President Trump is expected to give a major address on the shutdown today, so with Drudge running this editorial, one wonders if he knows that this might be what's ahead.

That said, such a swap is going to be a problem.

The wall halts incentives to migrate illegally.  Rewarding DACA recipients is going to supercharge the incentive to migrate illegally, even if the compromise specifically says it won't include new migrants.  It's an amnesty, and every amnesty brings in more migrants, all of them waiting for the next subway train to stop, because they know it will.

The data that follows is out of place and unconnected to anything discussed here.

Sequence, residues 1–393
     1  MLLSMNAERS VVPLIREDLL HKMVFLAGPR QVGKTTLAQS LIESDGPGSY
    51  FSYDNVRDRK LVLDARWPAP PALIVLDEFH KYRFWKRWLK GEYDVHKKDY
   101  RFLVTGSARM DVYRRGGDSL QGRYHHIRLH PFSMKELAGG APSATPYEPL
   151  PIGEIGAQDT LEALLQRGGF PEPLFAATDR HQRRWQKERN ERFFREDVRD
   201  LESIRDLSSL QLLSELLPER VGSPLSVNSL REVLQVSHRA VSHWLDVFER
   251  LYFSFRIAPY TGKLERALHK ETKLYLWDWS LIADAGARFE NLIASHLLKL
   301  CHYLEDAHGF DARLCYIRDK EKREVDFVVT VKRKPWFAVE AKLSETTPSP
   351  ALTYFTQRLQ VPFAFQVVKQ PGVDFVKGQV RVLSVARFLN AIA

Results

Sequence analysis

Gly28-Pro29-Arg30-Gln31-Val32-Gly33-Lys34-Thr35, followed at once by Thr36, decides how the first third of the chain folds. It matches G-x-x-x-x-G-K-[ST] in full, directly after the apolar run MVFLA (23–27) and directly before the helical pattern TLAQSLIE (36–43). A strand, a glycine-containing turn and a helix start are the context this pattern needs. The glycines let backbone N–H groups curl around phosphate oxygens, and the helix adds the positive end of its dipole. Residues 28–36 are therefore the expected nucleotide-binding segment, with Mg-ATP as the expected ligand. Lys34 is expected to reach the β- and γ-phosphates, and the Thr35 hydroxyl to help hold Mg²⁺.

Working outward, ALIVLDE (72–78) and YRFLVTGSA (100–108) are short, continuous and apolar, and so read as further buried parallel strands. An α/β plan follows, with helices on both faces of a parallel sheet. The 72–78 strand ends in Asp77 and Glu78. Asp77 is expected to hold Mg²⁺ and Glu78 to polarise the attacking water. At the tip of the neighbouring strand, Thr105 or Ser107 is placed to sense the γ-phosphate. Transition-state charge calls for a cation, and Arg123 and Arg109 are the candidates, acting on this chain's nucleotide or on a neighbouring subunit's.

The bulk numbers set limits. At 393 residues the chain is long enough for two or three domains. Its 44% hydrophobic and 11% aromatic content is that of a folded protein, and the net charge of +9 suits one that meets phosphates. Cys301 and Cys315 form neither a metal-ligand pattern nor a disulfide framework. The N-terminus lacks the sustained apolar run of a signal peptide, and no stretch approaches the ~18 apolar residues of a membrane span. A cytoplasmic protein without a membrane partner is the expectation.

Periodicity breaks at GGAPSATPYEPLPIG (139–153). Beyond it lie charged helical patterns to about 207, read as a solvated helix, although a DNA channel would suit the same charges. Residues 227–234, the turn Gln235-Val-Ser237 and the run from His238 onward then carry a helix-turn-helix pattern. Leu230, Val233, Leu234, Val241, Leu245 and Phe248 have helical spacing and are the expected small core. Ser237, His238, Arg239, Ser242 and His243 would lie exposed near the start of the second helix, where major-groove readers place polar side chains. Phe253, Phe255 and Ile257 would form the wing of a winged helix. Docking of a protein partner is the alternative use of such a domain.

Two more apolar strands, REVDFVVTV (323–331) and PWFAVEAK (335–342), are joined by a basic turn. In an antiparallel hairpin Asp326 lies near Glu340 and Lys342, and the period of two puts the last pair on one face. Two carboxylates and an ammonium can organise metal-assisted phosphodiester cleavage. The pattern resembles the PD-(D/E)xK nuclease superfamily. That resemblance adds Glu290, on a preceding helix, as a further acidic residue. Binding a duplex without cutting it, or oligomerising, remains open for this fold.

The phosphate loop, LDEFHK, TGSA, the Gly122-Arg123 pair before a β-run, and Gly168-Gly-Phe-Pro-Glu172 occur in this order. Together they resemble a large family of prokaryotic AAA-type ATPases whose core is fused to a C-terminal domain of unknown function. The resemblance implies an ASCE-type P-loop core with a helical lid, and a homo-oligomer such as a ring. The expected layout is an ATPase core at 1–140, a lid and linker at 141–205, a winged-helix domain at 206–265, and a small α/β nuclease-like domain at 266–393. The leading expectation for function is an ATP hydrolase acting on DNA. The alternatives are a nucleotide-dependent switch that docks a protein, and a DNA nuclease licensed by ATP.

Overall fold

Now consider the impact of an amnesty with a wall.  The wall won't completely cover the terrain, given the limits of geography, so the 230-mile or so stretch of it will merely drive migration out to the desert badlands.  People will be incentivized to come with kids – in the hands of human-smuggling cartels – through the desert badlands instead of through the areas closer to urban centers with services.  That sounds like a recipe for migrant child deaths.  There likely will be, and lots of news coverage blaming the wall.  None of the focus will be on the bad decisions of the migrants who are acting on the DACA incentive, that draw or pull that makes them want to undertake such a risky journey.  If the journey looks risky now, imagine what it will look like with a wall up and the incentives to immigrate illegally still there.